I am tutoring students in Java II this semester and one of the programming assignments is to determine if a number is **prime number**, and if it is not a prime number, to determine all the **factors** of the given number. A prime number is any number, N, that only has factors of 1 and N. For example, 11 is a prime number, because it only has factors of 1 and 11. The number 6 is not a prime number, because it has factors of 1, 2, 3, and 6.

One way to determine if a number, N, is a prime number is by using **trial division**. Trial division divides N by every number between 2 and the square root of N. If any of those numbers is a factor (divides evenly into N), N is not a prime number.

Although this was a Java II assignment, let's code it in Python.

## Find Factors of a Number in Python

One way to solve this problem is to create a function, called `get_factors`

, that uses trial division to obtain the factors of a number. If this function only returns 2 factors, 1 and N, the number is a **prime number**. If the function returns more than 2 factors, the number is a **composite number**.

We know there will be at least 2 factors for every N, 1 and N, so we will add them to a Python `set`

that keeps track of the factors. Let's then loop through every integer between 2 and the square root of N to see if it is a factor. If it is, add the integer and it's counterpart to the set. Return the factors as a sorted `list`

to the calling function.

```
def get_factors(number: int) -> list:
"""
Return the factors of a number.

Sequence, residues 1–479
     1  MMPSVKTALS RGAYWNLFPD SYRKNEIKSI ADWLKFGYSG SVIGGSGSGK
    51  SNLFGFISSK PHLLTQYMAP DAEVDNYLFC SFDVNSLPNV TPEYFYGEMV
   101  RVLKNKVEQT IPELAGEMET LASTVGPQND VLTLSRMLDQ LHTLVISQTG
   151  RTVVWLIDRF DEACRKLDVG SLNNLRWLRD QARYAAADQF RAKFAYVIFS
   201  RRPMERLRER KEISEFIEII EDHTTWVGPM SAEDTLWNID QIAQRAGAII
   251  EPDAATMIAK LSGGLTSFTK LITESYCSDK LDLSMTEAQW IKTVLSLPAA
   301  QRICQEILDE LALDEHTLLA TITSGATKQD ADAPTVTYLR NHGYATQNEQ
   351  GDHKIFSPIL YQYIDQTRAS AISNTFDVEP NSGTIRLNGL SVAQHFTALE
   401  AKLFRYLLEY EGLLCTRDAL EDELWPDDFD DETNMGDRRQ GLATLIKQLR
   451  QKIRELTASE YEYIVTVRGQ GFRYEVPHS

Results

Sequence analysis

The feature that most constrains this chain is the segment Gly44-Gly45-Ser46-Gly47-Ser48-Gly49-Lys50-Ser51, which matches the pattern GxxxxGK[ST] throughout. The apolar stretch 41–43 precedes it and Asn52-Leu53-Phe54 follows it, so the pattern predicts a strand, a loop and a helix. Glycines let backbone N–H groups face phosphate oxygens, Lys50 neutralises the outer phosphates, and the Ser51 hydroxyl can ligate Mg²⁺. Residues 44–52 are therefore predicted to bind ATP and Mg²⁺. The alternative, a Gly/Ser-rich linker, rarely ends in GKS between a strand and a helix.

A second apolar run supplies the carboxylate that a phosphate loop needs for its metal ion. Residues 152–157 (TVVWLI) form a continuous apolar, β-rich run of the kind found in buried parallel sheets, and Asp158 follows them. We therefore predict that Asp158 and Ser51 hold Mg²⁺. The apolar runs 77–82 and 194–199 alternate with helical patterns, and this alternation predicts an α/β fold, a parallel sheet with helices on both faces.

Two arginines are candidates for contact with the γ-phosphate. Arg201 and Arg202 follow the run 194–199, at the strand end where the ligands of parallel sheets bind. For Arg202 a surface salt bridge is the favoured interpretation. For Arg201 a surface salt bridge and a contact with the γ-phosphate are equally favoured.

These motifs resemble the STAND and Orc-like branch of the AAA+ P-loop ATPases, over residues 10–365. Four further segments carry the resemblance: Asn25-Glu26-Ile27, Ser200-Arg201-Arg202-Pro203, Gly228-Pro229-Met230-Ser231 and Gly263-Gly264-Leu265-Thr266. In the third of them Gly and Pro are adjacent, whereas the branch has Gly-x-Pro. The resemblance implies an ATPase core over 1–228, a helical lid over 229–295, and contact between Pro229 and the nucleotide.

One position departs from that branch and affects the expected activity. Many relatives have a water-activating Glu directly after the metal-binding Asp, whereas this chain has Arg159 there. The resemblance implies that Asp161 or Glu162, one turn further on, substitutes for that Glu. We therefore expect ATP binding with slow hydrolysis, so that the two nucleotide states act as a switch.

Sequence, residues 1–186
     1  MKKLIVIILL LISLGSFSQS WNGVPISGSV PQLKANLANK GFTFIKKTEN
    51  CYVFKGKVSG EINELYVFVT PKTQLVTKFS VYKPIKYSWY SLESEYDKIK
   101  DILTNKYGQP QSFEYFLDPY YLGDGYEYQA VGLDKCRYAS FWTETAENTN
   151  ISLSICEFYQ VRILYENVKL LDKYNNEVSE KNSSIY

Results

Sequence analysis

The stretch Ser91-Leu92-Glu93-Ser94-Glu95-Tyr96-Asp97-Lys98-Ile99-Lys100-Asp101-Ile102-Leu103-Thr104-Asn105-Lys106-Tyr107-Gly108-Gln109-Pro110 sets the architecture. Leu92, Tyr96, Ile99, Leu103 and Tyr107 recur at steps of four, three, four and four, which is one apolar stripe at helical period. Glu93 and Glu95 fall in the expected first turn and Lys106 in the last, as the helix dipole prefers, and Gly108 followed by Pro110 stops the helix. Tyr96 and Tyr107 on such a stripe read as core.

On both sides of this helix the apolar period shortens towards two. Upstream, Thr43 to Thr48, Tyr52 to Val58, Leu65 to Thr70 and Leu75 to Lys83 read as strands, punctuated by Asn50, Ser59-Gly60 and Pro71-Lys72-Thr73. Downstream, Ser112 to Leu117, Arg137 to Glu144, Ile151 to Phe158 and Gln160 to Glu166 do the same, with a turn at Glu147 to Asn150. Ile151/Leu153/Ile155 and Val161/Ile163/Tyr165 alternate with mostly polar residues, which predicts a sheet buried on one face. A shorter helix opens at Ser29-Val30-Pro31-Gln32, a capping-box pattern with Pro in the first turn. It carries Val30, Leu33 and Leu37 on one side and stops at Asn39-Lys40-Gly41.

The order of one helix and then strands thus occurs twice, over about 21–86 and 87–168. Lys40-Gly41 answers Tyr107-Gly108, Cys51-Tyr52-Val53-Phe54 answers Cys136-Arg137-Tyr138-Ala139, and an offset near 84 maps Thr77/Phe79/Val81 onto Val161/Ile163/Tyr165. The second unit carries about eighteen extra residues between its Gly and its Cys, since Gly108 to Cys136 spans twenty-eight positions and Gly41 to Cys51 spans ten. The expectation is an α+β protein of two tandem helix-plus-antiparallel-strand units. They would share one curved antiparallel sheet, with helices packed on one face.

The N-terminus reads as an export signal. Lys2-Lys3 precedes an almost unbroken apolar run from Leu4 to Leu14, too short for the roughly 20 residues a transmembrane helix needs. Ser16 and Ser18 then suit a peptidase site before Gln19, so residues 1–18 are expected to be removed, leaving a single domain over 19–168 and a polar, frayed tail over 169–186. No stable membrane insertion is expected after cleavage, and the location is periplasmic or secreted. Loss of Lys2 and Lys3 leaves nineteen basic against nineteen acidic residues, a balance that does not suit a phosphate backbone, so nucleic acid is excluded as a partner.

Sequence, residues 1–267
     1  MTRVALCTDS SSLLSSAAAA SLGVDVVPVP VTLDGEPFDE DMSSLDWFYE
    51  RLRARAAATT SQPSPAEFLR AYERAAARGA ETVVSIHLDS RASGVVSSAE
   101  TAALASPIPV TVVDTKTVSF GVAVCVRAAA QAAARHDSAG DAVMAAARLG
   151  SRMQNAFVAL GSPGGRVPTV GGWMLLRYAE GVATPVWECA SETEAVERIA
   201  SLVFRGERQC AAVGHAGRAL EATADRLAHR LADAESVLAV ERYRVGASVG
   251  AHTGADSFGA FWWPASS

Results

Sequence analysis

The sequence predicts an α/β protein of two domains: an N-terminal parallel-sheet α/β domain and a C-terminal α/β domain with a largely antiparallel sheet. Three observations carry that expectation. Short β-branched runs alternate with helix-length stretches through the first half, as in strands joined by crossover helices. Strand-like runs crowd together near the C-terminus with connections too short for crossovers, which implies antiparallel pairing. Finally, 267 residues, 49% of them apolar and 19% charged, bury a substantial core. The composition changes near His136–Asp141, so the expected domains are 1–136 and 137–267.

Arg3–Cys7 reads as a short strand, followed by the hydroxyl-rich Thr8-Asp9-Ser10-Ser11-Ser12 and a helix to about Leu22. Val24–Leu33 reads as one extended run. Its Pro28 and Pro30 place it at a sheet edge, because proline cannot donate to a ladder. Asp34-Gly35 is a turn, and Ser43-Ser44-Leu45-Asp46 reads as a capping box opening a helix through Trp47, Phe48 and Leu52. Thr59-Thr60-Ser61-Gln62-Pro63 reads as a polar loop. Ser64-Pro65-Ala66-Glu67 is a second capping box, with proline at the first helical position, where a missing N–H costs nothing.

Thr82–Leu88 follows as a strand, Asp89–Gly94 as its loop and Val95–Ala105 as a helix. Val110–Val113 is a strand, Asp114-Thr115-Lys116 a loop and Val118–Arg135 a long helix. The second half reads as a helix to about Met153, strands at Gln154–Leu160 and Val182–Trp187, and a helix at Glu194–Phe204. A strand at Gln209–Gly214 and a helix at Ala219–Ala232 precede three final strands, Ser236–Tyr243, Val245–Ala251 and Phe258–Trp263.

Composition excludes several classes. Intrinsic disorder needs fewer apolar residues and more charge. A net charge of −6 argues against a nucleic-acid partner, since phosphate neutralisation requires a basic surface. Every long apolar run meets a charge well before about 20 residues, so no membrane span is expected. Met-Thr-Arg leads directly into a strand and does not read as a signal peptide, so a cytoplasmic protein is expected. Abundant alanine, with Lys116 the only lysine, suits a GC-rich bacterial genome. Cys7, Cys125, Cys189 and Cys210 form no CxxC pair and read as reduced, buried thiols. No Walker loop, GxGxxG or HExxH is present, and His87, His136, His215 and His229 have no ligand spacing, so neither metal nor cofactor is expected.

:param number: int, positive integer > 1.
:return: lst, a sorted list of the factors.
>>> get_factors(2)
[1, 2]
>>> get_factors(3)
[1, 3]
>>> get_factors(4)
[1, 2, 4]
>>> get_factors(100)
[1, 2, 4, 5, 10, 20, 25, 50, 100]
"""
if number < 2 or not type(number) == int:
raise ValueError(f'{number} is invalid. Must be a positive integer > 1.')
factors = {1, number}
max_value = int(math.sqrt(number))
for i in range(2, max_value + 1):
if number % i == 0:
factors.add(i)
factors.add(number // i)
return sorted(list(factors))
```

## Is the Number a Prime Number Using Python

Once we have a function that calculates and returns a list of the factors of a given number in Python, we can check the length of the list to determine if the number is a prime number. If the quantity of factors is 2, the number is a prime number. If the quantity of factors is more than 2, the number is a composite number.

Here is a Python function that asks the user for a number and calculates whether the number is a prime number in Python. If it is not a prime number, it provides a list of the number's factors.

```
def main():
num = int(input('Enter a positive integer greater than 1: '))
if num < 2:
raise ValueError(f'{num} is invalid. Must be a positive integer > 1.')
num_factors = get_factors(num)
if len(num_factors) == 2:
print(f'{num} is a prime number.')
else:
print(f'{num} is not a prime number with factors {num_factors}.')
if __name__ == '__main__':
main()
```

I called the Python script `main.py`

. You can run the Python application from the command prompt.

```
$ python main.py
Enter a positive integer greater than 1: 100
100 is not a prime number with factors [1, 2, 4, 5, 10, 20, 25, 50, 100].
```

## Doctests for get_factors Python Function

There are a few **doctests** for the `get_factors`

Python function. You can run them from the command prompt.

```
$ python -m doctest main.py -v
Trying:
get_factors(2)
Expecting:
[1, 2]
ok
Trying:
get_factors(3)
Expecting:
[1, 3]
ok
Trying:
get_factors(4)
Expecting:
[1, 2, 4]
ok
Trying:
get_factors(100)
Expecting:
[1, 2, 4, 5, 10, 20, 25, 50, 100]
ok
```

## Conclusion

Determing if a number is a prime number is a cool programming challenge and technical interview question. It's easy enough to solve using trial division, but there are other ways to solve this problem, too.

**Posted by David Hayden**